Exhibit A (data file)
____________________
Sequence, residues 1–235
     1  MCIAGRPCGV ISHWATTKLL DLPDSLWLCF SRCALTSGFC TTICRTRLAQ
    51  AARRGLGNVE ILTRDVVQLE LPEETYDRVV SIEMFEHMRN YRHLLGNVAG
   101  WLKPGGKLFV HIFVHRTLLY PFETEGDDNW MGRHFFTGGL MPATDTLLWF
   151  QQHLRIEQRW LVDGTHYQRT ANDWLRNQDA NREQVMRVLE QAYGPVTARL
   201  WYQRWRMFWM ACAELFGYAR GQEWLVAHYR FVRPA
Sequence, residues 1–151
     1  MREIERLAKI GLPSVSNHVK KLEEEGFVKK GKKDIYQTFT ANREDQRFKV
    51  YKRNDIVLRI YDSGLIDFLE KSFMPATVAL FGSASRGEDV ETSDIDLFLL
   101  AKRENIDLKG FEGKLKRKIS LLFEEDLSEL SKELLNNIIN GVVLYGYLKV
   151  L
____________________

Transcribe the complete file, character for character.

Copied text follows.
Sequence, residues 1–235
     1  MCIAGRPCGV ISHWATTKLL DLPDSLWLCF SRCALTSGFC TTICRTRLAQ
    51  AARRGLGNVE ILTRDVVQLE LPEETYDRVV SIEMFEHMRN YRHLLGNVAG
   101  WLKPGGKLFV HIFVHRTLLY PFETEGDDNW MGRHFFTGGL MPATDTLLWF
   151  QQHLRIEQRW LVDGTHYQRT ANDWLRNQDA NREQVMRVLE QAYGPVTARL
   201  WYQRWRMFWM ACAELFGYAR GQEWLVAHYR FVRPA
Sequence, residues 1–151
     1  MREIERLAKI GLPSVSNHVK KLEEEGFVKK GKKDIYQTFT ANREDQRFKV
    51  YKRNDIVLRI YDSGLIDFLE KSFMPATVAL FGSASRGEDV ETSDIDLFLL
   101  AKRENIDLKG FEGKLKRKIS LLFEEDLSEL SKELLNNIIN GVVLYGYLKV
   151  L